“Regular order!” Larson said, summing up Neal’s chairmanship. “When I mention this to my family they go ‘What do you want Metamucil?’” Rather, Larson was referring to following and using the committee process, which itself might ease congressional constipation.
To Do It Right
Another example was the Butch Lewis Act, which passed the House in July. It would help preserve multi-employer pension plans for workers employed across several companies, as Teamsters are. A system failure could bankrupt the Pension Benefit Guarantee Corporation, a federal pension backstop.
“The collapse of some of the multi-employer pension plans across the country, they are not based on fraud, malfeasance or misbehavior,” Neal said. Rather, market forces like mergers and shrinkage of payrolls relative to retirees has strained the system.
Butch-Lewis, Neal said, would give Treasury tools and time to rehabilitate the plans and create a solution that avoids a bailout.
In October, Neal hoped the bill would pass by year’s end, but the Senate released its proposal just this month. In other retirement-related matters, Neal and Larson said they expect legislation to bolster Social Security to come up next year.
Neal revels in the details. While the conception of him as an old-school urban pol is not wrong, it doesn’t get at his professorial roots. Throughout the interview he dropped stats about pension plans and tax rates as a percentage of GDP.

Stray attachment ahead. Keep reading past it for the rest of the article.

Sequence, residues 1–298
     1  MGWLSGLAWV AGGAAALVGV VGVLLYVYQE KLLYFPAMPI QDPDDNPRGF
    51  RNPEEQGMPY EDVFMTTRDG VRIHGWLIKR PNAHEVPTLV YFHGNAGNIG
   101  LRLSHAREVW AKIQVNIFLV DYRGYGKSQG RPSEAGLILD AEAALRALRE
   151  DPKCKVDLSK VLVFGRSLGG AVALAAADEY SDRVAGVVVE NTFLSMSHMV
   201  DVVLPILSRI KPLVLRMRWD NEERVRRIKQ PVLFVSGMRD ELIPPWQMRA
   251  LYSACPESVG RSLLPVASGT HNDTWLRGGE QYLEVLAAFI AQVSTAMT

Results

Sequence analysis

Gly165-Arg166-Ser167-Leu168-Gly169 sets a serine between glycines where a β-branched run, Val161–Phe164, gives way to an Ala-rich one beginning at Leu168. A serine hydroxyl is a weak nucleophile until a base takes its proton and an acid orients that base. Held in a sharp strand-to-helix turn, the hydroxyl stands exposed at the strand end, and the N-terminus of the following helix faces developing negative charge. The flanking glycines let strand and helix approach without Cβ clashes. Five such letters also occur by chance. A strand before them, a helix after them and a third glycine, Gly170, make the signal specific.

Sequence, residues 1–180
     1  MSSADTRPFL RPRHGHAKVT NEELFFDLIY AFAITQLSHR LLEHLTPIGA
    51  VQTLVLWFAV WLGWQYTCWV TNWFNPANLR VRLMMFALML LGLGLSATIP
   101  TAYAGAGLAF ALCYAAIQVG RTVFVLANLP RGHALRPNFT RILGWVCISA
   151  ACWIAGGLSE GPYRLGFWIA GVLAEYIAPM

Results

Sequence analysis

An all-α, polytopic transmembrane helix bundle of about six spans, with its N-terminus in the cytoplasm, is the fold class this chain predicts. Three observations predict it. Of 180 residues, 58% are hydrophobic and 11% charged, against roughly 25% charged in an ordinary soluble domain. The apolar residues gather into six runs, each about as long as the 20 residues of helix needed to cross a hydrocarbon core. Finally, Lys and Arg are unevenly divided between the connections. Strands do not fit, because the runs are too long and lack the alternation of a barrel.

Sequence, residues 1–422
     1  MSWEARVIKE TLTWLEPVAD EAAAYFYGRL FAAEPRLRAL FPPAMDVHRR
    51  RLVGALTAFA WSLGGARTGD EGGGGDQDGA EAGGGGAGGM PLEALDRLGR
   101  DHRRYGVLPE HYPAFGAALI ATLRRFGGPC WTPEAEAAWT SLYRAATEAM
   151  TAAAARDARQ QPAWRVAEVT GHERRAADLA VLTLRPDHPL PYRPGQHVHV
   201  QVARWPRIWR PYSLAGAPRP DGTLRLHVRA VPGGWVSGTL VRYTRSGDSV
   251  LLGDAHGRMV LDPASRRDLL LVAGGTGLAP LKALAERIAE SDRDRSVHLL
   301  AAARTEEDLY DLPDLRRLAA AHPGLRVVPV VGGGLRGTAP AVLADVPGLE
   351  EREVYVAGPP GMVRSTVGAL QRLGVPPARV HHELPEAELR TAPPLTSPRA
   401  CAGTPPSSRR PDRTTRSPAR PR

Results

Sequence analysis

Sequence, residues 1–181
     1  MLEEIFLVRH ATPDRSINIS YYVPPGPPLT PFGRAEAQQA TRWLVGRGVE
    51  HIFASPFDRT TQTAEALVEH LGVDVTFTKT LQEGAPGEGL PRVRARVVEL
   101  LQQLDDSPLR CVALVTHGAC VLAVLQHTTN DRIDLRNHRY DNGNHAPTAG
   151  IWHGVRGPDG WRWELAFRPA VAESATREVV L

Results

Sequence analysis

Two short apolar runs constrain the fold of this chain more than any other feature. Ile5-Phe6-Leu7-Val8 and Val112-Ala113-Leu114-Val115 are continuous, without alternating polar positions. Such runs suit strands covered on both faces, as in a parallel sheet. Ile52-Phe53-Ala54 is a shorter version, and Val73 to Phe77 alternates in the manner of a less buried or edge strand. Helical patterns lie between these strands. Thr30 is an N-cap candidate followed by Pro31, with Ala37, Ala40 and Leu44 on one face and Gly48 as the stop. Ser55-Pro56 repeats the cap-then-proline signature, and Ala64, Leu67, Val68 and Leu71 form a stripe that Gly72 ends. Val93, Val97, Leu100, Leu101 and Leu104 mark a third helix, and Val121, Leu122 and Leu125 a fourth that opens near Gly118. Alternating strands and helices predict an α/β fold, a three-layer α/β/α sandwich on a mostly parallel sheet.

Aides say they continue to schedule time for Neal to catch up on reading, despite increased demands on his time.
“He’s a prolific reader,” Larson said. “I don’t know if many people know that about him, but I’ve never seen him on a plane when he doesn’t have papers transcripts, or more often than not books.”
And This Time
That wonky bent has not necessarily endeared him to progressives.
Among House Democrats that criticism is muted. During a visit to Northampton, Ro Khanna, the Congressional Progressive Caucus’s Vice-Chairman told WMP&I Neal was available to listen.
“He always comes to the Progressive Caucus and exchanges ideas and has been welcoming of the EITC bill,” Khanna said. “My understanding is he has been welcoming of having a hearing on Medicare for All. So, he has been accessible. I’m hopeful these progressive policies will move.”
Outside the building, progressives see Neal as an impediment. There is rolling critique of Neal’s speed and tactics to obtain Trump’s taxes. (Neal insists he is following House Counsel’s advice).